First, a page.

I'm currently learning some things about BSS RAMs. For sake of simplicity, please imagine them as a Turing machine over the reals.
Now, this machine gets some real numbers as input. The input values form nearly a string, but are not of finite length as decimal representation. Additionally, there are infinitely many real numbers.

A language on the other hand is often defined as being a subset of Kleene's Hull over a finite (!) alphabet.

Is it valid and reasonable to define languages over an infinite alphabet to represent the input set of a BSS RAM?

  • $\begingroup$ BSS machines typically compute functions rather than decision problems. $\endgroup$ Dec 14 '18 at 22:57
  • $\begingroup$ If you arrange for the machine to output a 0,1 value, then you can think of it as a subset of $\mathbb{R}^n$ for some $n$. Since the number $n$ is fixed, it doesn't really make much sense to consider the input as a word, which typically has arbitrary (finite) length. $\endgroup$ Dec 14 '18 at 22:59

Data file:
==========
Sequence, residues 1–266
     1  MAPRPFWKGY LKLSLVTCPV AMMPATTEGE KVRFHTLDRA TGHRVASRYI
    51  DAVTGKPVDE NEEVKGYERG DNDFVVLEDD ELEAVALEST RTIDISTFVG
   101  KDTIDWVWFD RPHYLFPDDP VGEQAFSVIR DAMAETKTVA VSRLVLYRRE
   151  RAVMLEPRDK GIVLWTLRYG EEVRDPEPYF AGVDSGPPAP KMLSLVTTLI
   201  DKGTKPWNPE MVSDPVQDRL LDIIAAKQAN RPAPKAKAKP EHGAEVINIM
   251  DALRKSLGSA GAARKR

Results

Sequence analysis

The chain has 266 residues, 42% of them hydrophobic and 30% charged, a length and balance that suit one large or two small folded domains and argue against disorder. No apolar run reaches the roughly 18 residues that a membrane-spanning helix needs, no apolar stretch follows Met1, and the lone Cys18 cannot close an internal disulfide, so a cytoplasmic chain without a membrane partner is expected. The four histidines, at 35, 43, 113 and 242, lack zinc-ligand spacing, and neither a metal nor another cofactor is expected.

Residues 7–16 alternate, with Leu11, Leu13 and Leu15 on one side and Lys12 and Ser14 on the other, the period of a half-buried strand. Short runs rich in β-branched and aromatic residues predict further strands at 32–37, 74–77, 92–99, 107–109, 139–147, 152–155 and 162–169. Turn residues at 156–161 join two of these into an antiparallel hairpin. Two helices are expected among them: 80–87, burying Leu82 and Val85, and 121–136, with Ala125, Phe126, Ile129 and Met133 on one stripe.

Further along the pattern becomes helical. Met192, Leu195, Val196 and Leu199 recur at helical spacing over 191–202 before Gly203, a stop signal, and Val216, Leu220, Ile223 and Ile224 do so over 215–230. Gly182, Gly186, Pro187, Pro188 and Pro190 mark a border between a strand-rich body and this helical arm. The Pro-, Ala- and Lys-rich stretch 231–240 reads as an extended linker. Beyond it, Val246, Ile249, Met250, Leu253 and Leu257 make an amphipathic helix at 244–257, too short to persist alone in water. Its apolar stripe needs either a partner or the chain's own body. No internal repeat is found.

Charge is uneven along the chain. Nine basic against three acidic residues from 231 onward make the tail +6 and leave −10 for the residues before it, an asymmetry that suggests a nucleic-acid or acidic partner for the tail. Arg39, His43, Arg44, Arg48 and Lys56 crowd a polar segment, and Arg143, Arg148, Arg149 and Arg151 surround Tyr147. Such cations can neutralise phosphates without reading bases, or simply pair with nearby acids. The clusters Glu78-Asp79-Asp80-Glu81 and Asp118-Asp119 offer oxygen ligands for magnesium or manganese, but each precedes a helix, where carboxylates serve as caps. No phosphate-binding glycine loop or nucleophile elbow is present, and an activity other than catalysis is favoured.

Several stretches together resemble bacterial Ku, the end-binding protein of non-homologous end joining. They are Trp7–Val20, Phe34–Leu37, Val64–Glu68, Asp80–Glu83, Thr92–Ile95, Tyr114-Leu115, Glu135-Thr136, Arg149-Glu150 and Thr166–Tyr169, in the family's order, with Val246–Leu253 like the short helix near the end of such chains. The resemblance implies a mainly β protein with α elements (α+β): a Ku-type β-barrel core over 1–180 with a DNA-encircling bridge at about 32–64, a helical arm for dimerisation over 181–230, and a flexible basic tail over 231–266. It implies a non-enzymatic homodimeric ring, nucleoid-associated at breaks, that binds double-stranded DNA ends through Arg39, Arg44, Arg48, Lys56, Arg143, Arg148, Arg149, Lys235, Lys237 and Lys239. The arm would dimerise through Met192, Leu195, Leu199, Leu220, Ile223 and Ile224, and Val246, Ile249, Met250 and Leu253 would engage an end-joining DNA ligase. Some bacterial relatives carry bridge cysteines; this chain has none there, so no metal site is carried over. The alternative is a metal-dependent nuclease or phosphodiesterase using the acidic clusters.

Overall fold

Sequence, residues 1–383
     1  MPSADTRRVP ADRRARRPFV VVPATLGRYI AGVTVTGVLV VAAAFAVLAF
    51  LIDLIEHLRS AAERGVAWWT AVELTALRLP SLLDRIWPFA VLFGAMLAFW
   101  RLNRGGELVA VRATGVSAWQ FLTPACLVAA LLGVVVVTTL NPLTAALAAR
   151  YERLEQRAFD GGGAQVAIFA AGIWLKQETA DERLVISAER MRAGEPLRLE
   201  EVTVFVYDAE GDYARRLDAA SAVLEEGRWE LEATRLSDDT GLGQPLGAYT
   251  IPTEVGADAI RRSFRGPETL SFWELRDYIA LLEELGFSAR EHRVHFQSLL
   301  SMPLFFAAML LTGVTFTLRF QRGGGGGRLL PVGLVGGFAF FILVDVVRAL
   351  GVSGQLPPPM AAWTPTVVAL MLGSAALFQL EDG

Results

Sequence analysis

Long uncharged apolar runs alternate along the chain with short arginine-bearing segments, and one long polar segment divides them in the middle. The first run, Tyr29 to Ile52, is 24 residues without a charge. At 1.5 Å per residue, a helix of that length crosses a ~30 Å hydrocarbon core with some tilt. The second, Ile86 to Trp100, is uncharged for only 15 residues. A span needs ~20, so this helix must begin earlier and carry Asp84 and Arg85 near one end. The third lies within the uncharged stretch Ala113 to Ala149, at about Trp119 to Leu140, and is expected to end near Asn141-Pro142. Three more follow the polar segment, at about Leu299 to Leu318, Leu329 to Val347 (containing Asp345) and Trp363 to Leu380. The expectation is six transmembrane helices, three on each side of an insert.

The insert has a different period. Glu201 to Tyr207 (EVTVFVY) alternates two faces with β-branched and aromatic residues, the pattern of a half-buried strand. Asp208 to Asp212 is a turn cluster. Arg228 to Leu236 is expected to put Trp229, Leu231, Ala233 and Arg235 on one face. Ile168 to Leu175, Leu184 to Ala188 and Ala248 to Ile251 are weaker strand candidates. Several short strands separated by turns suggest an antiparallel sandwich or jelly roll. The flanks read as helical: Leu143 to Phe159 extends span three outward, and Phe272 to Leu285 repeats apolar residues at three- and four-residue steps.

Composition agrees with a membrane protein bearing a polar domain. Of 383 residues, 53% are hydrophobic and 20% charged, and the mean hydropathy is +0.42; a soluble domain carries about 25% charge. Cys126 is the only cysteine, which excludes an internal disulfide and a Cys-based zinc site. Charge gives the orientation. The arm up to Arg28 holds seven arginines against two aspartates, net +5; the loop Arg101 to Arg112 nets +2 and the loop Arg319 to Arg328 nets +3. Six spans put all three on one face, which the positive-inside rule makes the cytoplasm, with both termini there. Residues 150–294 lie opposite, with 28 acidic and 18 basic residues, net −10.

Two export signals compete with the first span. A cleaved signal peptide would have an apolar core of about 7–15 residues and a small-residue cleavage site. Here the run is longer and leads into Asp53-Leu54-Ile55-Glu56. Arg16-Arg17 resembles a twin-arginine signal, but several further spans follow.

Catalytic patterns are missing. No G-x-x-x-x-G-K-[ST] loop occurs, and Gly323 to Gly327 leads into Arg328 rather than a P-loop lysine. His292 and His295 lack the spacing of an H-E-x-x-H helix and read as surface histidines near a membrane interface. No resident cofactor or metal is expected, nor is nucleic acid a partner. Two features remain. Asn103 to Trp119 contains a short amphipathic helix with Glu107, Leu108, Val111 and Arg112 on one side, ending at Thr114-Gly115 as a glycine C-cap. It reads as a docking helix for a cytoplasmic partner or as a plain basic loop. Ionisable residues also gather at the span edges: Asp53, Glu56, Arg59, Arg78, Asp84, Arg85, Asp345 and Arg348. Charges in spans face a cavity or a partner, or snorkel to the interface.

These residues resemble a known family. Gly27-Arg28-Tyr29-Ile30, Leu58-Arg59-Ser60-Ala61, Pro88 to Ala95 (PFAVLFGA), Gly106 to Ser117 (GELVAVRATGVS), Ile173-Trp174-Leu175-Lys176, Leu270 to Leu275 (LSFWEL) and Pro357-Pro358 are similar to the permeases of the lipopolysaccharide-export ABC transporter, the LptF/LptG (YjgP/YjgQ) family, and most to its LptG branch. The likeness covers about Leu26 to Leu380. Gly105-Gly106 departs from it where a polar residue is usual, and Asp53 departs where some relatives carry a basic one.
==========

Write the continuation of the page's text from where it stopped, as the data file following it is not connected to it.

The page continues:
• $\begingroup$ I am aware of the difference between functions and decision problems and do not know where in my question I shall have interchanged these terms. $\endgroup$ Dec 14 '18 at 23:30
  • $\begingroup$ IMHO, the second comment is false. The BSS-RAM following my definition (after C. Gaßner) gets an input out of $\mathbb{R}^{\infty}$ (tuples of arbitrary length). (I never consider the infinite case with input set $\mathbb{R}^{\mathbb{N}}$.) The input length in the finite case is given by the first index register's content. and thus not of fixed length. $\endgroup$ Dec 14 '18 at 23:37

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